On the heels of that faux-pas came the announcement of a contest. As a young, aspiring comics illustrator I used to dream of opportunities like this: DC holding open tryouts to have your work published in an upcoming issue. And now it's happened, and the comics community at large is somewhat aghast, while the feminist community is downright outraged. I can't really blame them, at all. The scenario is this: DC set out criteria for four comics panels to be drawn and submitted by participants. They depict the mentally unstable character Harley Quinn repeatedly attempting to kill herself using outrageously creative methods. It is the fourth of these panels that has garnered the bulk of public backlash:
PANEL 4Harley sitting naked in a bathtub with toasters, blow dryers, blenders, appliances all dangling above the bathtub and she has a cord that will release them all. We are watching the moment before the inevitable death. Her expression is one of “oh well, guess that’s it for me” and she has resigned herself to the moment that is going to happen. (

It blew up in DC's face right off the bat. Talk about the depiction of women in comics is hardly new fodder for the online debate machine, and all the old axes were pulled out of the shed, ready to grind. got their hate on. Twitter exploded with accusations of misogyny and the sexualization of suicide, and Jim Lee (bless his heart) stood forth in a "Twitter Essay" to defend DC and their rationale for the contest. To be fair, he made some good points. There is a lot of wiggle-room in the area of creative interpretation to take those guideline and produce something, if not "wholesome", at least comical. Writer and inker Jimmy Palmiotti thinks so, at least. He allegedly claims that the whole contest was meant to have slapstick, Looney-Toons-esque flavour to it. Whoever wrote the contest guidelines forgot to mention that bit of information. And since Harley has been portrayed in her recent comics as increasingly disturbed and hyper-sexual, it is not unreasonable to assume that DC is looking for submissions with a dark, deranged flavour to them. We are talking about the infallibly devoted lover of a man who recently skinned off his own face and left it spiked to the wall of an asylum for the criminally insane. Kiddy-style Saturday morning cartoons aren't exactly the same realm of entertainment. Now, the kicker...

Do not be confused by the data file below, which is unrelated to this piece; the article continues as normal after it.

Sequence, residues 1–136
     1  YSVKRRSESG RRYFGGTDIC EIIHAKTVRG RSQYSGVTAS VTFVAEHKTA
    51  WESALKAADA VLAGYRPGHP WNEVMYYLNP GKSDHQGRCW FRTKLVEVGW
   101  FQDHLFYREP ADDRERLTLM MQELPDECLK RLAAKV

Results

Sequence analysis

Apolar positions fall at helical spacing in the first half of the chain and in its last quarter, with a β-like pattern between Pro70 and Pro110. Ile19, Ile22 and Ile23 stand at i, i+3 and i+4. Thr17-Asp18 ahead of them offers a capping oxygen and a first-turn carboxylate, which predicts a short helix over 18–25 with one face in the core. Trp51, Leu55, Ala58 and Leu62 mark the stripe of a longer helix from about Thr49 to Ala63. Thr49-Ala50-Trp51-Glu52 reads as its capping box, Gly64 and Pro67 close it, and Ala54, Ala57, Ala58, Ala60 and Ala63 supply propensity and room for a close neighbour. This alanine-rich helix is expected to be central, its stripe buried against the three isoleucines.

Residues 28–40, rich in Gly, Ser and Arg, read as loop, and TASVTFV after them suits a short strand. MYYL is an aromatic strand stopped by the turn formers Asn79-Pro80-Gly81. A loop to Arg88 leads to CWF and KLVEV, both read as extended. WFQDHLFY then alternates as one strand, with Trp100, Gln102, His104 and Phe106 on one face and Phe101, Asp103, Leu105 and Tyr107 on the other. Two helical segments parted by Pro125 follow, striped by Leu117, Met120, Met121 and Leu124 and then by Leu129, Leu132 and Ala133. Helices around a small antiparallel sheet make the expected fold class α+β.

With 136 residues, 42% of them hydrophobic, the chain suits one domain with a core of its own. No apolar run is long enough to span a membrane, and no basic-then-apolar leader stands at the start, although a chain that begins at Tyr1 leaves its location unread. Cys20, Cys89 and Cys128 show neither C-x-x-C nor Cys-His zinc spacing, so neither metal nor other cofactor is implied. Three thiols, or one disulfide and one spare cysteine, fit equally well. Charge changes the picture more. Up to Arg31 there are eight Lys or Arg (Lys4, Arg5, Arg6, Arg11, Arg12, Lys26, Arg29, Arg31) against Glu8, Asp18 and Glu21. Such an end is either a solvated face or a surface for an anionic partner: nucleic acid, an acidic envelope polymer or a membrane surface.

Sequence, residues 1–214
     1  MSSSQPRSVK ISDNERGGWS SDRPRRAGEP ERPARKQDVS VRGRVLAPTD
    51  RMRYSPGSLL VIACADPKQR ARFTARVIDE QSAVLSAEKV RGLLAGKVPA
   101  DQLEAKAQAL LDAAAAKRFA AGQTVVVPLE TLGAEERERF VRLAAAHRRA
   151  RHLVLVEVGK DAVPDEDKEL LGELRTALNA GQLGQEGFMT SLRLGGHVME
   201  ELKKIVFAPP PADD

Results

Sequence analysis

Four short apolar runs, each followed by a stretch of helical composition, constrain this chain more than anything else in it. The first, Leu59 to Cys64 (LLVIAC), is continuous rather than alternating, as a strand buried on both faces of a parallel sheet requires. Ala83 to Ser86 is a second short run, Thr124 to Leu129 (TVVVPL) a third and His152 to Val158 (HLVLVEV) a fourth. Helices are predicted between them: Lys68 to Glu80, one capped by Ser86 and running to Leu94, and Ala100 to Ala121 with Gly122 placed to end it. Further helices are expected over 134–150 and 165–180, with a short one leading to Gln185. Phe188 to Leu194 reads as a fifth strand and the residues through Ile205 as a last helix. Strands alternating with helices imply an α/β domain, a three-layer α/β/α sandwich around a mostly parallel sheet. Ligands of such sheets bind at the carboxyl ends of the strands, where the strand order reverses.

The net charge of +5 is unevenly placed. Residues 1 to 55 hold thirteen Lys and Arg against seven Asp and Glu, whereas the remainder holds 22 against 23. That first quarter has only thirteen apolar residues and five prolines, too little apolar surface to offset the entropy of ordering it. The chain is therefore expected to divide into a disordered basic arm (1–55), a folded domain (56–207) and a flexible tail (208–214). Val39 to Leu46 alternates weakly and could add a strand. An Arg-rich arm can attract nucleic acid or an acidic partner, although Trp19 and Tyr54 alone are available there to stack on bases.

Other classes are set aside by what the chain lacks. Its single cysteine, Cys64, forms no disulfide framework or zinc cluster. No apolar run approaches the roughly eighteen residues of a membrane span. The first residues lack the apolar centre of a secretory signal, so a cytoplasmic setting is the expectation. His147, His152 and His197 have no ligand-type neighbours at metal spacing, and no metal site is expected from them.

September is Suicide Prevention Month.

Let that sink in, and know that you are wondering the same thing as everyone else: What the f*** were they thinking?

It is one thing to refuse marriage rights to LGBTQ characters that are, yes, your creative property, and then argue that the decision is in no way connected to their sexual orientation and feign ignorance at the concern of your readership. It is quite another to be so utterly oblivious to real-world issues that you ask the public to participate in a celebration of violence with the tagline "Breaking into comics was never this fun. ;)", and unleash it on the world during a month when real people are struggling with and coming to terms with these issues. This goes beyond mere ignorance, outside the realm of honest-mistake-driven insensitivity. It's at a point where we, the many critical readers of comic books, are starting to wonder if DC is on a campaign of "deliberate self-sabotage."

It should be pretty clear at this point why people from various public camps are miffed at DC right now. Angry. Furious, even. I myself would describe my response as being twofold.

Baffled and disappointed.